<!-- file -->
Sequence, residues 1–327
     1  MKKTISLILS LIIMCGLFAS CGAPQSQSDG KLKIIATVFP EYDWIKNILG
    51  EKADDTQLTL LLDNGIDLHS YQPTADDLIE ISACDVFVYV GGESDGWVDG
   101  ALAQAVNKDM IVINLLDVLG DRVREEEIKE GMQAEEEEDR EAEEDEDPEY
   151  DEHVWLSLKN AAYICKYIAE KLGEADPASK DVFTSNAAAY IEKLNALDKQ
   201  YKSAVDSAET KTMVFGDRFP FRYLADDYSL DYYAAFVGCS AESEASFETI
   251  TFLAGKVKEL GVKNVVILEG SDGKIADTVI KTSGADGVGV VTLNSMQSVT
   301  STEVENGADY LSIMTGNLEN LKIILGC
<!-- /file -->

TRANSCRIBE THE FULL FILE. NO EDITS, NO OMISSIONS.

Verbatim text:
Sequence, residues 1–327
     1  MKKTISLILS LIIMCGLFAS CGAPQSQSDG KLKIIATVFP EYDWIKNILG
    51  EKADDTQLTL LLDNGIDLHS YQPTADDLIE ISACDVFVYV GGESDGWVDG
   101  ALAQAVNKDM IVINLLDVLG DRVREEEIKE GMQAEEEEDR EAEEDEDPEY
   151  DEHVWLSLKN AAYICKYIAE KLGEADPASK DVFTSNAAAY IEKLNALDKQ
   201  YKSAVDSAET KTMVFGDRFP FRYLADDYSL DYYAAFVGCS AESEASFETI
   251  TFLAGKVKEL GVKNVVILEG SDGKIADTVI KTSGADGVGV VTLNSMQSVT
   301  STEVENGADY LSIMTGNLEN LKIILGC